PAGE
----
Perfectionism. Inherent in the idea of America as a nation of progress was the belief that society, and the individuals who comprised it, could be perfected. Improvement was the motto of the age. Religious evangelism had taught Americans that they were responsible for their own salvation. From the Enlightenment, Americans inherited the belief that they had the capacity to perfect themselves, and from Romanticism, the notion that they were released from tradition and the past to create their own ideal future. But at a time when Americans’ faith in their nation’s progress seemed unbounded, some began to feel uneasy about the direction in which the country was headed. To most Americans progress meant the accumulation of money. Alexis de Tocqueville, an astute foreign observer, noted, “I know of no country, indeed, where the love of money has taken stronger hold on the affections of men.” America had been taken over by the drive to obtain wealth at the expense of improving one’s mind and morals, many believed, and as a result the nation was on the verge of moral bankruptcy. In the midst of unlimited optimism, then, could be found an equally earnest despair about the country’s future.
Reform and Utopianism. Some Americans felt that the pursuit of wealth was a hollow goal with dire consequences, including increased disparity between the rich and poor, the revitalization of slave labor in response to the skyrocketing demand for cotton to supply the new textile industry, and a base neglect of those less fortunate in the mad rush for one’s own gain. America needed a solution, according to some, and organizations sprang up all over, especially in the Northeast, to address a wide variety of social ills: the horrific conditions in mental hospitals and prisons, excessive drinking, the lack of a proper education for most Americans, juvenile delinquency, and the enslavement of one-seventh of the nation’s population. Most reformers were influenced by the evangelical belief that humans can and should act to improve their own souls and, by extension, the souls of others. They believed that a perfect society, known for its justice and equality, could be created here on Earth; there was no need to wait for Heaven. A corollary impulse led to the creation of Utopian communities, some of which were religious in nature and others secular. For many of these communities the need to retreat from a corrupt society was paramount, but for most the intent was to establish an improved social order on a small scale that could then be reproduced in other locales and thereby influence the larger society. Utopian communities, particularly the secular ones, strove to create environments in which each individual could flourish and reach his or her ultimate potential and happiness, a goal that many believed American society promised but had not yet achieved. For many of these communities the path to such an Eden on Earth was through the establishment of equality across lines of class, gender, and (in one case) race.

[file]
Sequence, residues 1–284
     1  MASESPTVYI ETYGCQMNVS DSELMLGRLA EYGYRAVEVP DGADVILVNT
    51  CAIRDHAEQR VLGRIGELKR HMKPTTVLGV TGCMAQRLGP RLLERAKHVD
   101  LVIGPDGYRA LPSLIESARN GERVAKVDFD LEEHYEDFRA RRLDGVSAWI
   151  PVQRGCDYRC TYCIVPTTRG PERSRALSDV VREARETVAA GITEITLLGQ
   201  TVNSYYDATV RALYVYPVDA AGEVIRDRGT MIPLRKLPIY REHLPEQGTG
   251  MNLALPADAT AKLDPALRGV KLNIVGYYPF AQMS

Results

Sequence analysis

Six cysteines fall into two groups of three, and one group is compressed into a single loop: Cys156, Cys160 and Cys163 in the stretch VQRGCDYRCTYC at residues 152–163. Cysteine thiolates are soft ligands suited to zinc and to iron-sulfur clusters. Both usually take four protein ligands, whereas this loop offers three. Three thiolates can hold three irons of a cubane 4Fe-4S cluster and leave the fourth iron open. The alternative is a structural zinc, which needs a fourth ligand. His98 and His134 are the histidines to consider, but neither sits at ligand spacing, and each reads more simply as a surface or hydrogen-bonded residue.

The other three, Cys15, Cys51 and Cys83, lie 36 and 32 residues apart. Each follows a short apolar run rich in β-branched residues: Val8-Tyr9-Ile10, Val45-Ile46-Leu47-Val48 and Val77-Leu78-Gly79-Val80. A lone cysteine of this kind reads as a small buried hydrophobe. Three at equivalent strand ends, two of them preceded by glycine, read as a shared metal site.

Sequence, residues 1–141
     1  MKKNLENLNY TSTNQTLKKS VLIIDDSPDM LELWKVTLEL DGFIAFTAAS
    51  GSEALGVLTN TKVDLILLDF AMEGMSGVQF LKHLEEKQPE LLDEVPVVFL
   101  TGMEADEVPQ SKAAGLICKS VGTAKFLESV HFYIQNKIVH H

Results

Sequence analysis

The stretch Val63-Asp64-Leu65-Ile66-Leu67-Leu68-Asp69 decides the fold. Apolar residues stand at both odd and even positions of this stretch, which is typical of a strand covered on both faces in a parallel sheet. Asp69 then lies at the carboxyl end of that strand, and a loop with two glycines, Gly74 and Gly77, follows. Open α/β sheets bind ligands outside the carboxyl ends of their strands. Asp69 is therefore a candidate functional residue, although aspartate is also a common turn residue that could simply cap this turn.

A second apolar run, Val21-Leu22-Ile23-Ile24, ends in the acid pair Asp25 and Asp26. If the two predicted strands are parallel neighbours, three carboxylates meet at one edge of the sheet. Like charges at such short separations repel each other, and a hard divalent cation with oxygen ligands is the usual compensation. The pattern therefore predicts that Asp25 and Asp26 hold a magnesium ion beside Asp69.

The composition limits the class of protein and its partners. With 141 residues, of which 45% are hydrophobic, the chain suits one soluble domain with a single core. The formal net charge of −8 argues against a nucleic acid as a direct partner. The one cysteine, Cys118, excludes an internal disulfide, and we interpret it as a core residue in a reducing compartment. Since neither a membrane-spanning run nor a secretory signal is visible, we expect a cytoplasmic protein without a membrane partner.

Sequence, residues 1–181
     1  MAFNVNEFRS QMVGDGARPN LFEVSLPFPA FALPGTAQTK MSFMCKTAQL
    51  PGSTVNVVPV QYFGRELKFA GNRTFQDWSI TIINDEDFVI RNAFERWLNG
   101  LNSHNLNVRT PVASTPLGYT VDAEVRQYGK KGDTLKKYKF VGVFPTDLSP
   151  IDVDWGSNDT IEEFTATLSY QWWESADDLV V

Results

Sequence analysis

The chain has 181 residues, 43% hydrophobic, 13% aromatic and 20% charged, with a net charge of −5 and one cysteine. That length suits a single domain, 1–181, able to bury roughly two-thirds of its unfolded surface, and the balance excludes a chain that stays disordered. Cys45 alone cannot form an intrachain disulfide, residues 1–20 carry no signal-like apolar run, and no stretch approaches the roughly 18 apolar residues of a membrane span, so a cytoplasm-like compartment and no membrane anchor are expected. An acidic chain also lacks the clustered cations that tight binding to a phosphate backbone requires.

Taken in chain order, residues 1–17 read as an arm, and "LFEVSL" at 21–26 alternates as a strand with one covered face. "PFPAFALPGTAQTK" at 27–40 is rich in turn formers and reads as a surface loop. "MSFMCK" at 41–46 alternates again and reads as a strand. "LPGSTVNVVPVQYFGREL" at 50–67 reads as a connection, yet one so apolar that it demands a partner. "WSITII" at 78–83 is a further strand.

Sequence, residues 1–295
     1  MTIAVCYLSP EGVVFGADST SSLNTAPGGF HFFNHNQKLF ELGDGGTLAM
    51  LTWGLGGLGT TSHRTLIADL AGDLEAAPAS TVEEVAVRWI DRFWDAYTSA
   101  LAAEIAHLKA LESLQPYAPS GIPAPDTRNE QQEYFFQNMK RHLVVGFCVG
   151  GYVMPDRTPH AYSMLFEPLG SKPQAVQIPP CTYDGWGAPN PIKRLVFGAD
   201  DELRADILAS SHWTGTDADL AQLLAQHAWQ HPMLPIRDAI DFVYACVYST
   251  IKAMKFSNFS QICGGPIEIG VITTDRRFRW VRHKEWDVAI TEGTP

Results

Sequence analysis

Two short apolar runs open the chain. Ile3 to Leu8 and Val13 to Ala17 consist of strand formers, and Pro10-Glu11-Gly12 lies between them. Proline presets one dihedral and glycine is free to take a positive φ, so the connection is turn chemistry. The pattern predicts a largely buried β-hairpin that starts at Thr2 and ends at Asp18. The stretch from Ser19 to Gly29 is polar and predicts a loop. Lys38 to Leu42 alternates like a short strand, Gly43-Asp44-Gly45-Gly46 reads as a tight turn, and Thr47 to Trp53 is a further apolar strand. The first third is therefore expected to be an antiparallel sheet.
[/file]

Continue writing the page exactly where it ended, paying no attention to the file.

Inequality. Despite the expansion of voting privileges to include all white males and the growing emphasis on equal opportunity in Jacksonian America, the reality of social inequality remained all-pervasive. Mainstream society held the view that Caucasians, especially Anglo-Saxons, were inherently superior to all other people. African Americans and Native Americans were deemed to be biologically, intellectually, and morally inferior and hence unfit to participate in civilized society. Such assumptions led to the continued justification of slavery, prejudice and violence against free blacks, and the removal of Indians from their lands to make way for white settlers. Immigrants, especially those from Ireland, also faced discrimination. Many Americans inherited the English prejudice against the Irish as slovenly, ignorant, and unclean. But most alarming to Americans, who were overwhelmingly Protestant, was the fact that most of the immigrants they saw arriving in ever-increasing numbers were Catholic. Nativist and anti-Catholic groups attempted to modify naturalization laws to limit the voting privileges of immigrants.
Women. Women were the largest group of people denied full political and legal rights. By law or custom women were not allowed to vote, to speak in public, or to sue or be sued; when allowed to work at all, they found only limited kinds of jobs open to them, and they were paid less than men for the same work. A woman lost all claim to her own property and wages (which belonged solely to her husband) if she married, and she lost claim to her children in the case of separation. While white, native-born males began to enjoy more rights and privileges during this period, the promise of equal rights for all was still far from being realized for most Americans, a fact recognized by the growing number of reformers and members of Utopian communities who began the slow process of “freedom’s ferment,” as one historian has called it.